Voices from Cuba: Cubans contemplate

a non-Castro president and a new generation of leaders


Mimi Whitefield, The Miami Herald


HAVANA.- There are no campaign buttons or rallies and no one will lose when Cuban voters go to the polls March 11 to ratify pre-chosen slates for the National Assembly of People’s Power — Cuba’s parliament — and for provincial assemblies.


But this year’s election will be different.


On April 19, the newly seated National Assembly will select Cuba’s new president and for the first time since the early days of the Cuban Revolution the country won’t be led by someone whose last name is Castro. Raúl Castro, 86, plans to retire and apparently move to Santiago de Cuba, the cradle of the revolution, on the other end of the island. He is still expected to lead Cuba’s powerful Communist Party.


The coming election marks a generational shift in power, a last hurrah for the octogenarians who fought alongside Fidel and Raúl Castro during the Cuban Revolution, and the introduction of the protagonists of Cuba’s future.


Many Cubans interviewed by the Miami Herald about the election and their hopes for Cuba’s future spoke of change, especially changes that would give them a better standard of living. That desire for change bubbling up from below may be the biggest challenge the new Cuban government will face.


“The elections aren’t too open, but it is important to participate,” said a 19-year-old law student as he waited on the steps of the University of Havana law school for his next class. “And I would hope there is a change, a change toward something fresher. We’ve been on the same course for more than 50 years and if we keep following it, this island is going to end up like Atlantis.”


The power shift in government comes at a delicate time. The Cuban economy is in the dumps, a budding relationship with Cuba’s old nemesis the United States is on the rocks, and Cuba desperately wants to attract foreign investment. As Cuba looks toward an uncertain future, its citizens have their own views about where the country is headed and the new leadership.


In the front of a small wooden building in Guanabacoa, two cuentapropistas (self-employed workers), an independent watch repairman and a private shoemaker, quietly ply their trades. But the back door of the Unidad la llama opens to the pounding soundtrack and clanking weights of a private gym.


For the past five years, watch repairman Lionel Lima Verdecia has rented a square meter of space in this township on the eastern outskirts of Havana from the Cuban state for 360 Cuban pesos a month. Business is pretty good — “at least enough to live,” he says, “but I think [the rent] is too much.”


Lima, 44, was born well after the 1959 Cuban Revolution and the two Castros — Fidel, then his brother Raúl — are the only presidents he has ever known. “I’m not afraid of this [having a non-Castro in power], but what I hope is that if change is coming, it’s a change to improve things.”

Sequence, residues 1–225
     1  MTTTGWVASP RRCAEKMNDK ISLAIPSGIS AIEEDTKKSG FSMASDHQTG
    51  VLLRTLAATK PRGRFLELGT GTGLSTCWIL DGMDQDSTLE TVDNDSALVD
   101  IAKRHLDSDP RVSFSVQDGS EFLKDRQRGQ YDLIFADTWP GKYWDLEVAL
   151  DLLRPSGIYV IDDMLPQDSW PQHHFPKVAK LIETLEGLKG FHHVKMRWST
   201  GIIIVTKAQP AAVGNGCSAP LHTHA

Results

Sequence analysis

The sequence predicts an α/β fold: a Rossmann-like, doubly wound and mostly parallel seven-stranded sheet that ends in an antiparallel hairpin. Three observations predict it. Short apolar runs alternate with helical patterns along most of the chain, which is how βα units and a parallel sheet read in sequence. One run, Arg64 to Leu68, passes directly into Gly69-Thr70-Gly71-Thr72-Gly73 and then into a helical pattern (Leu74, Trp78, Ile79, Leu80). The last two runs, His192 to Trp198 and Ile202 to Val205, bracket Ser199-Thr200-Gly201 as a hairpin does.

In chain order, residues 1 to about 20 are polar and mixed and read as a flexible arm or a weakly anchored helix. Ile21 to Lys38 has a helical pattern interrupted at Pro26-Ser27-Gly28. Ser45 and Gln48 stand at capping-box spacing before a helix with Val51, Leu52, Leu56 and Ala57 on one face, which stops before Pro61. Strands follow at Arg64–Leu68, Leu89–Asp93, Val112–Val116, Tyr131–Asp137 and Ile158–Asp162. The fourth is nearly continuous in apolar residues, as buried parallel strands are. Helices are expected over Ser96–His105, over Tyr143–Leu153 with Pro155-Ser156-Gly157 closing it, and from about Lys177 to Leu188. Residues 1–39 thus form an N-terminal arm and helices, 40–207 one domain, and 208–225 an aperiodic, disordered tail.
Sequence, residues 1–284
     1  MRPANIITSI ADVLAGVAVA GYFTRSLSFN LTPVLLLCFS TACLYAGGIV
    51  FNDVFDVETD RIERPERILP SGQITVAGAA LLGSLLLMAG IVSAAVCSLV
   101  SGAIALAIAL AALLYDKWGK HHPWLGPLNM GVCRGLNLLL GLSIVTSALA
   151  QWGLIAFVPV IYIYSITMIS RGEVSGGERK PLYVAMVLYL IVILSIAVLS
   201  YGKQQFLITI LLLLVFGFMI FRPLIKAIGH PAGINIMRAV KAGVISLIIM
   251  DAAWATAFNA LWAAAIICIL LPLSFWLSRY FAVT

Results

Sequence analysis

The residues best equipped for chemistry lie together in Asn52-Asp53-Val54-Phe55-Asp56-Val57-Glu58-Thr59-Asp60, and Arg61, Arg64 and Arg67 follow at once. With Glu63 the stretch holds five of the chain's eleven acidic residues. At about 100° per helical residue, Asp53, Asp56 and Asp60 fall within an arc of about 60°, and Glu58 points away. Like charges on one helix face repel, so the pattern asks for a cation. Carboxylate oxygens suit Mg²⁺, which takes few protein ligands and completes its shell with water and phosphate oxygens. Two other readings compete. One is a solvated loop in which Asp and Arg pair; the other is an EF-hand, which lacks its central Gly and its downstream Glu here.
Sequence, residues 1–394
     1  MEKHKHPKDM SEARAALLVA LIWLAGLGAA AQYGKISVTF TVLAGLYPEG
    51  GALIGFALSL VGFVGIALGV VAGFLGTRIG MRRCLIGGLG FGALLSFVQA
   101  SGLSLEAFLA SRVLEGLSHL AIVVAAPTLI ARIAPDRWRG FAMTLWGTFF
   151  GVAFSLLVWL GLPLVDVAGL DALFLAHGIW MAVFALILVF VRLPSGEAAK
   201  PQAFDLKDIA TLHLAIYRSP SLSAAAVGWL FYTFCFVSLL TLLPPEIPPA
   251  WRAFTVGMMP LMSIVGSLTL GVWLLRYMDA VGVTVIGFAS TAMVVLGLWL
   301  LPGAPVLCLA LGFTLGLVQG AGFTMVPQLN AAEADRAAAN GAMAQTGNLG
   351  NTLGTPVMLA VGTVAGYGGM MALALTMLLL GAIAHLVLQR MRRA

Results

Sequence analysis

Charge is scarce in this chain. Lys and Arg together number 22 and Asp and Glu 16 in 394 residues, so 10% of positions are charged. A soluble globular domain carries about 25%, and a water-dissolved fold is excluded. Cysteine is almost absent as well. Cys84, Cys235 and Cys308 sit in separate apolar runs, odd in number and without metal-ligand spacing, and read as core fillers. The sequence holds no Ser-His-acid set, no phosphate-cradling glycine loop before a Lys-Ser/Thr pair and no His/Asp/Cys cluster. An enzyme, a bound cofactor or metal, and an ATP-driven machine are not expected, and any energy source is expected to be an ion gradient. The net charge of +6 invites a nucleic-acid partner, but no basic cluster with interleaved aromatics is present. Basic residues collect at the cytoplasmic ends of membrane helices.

Although Lima says he makes about double what he did as a factory worker, it still isn’t easy. His chief complaint is how hard it is to get the parts to repair watches. “I have to buy old watches to get the pieces,” he says.


Roberto Veiga, a lawyer, former magazine editor and political analyst, thinks the coming generational shift in power will unleash demands for greater reform of the political system. The island’s new leaders need to not only represent the people but also satisfy their needs, he says. “If they don’t deliver, it could result in failure of the system they are trying to preserve.”


Veiga directs the independent Cuba Posible from his Centro Habana apartment. He and Lenier González, his partner in the civil society project, say what they have created is a laboratory of ideas. Cuba Posible researchers publish on political, economic, cultural, and workplace issues affecting Cuban society, maintain a network of international contacts, hold conferences and encourage debate and dialogue on Cuba-related topics.


For the first time in modern Cuban history someone is going to arrive in the presidency without recognized power derived from being one of the historic revolutionaries, Veiga says. Without Fidel or Raúl at the helm, he expects the system will become more decentralized.


He doesn’t think Cuba is particularly well prepared for the transition. Among the reasons, he says, is Castro thought he would be able to improve the economy and couldn’t, many of the best and brightest have given up on Cuba and left the country, the current government never thought the Democrats would lose the White House, and Cuba can’t depend on unified support from Latin America at this point.


If Raúl Castro had thought he would be faced with this scenario, Veiga says, “perhaps he would have prepared another way for transferring power. But he ran out of time.”


Castro has left a lot of unfinished business. Electoral reform, a legal framework for private enterprises, new laws for associations and the press and constitutional reform to support the changes have all been discussed, but none have come to pass. “The process stopped,” says Veiga, as more conservative members of the Communist Party gained sway.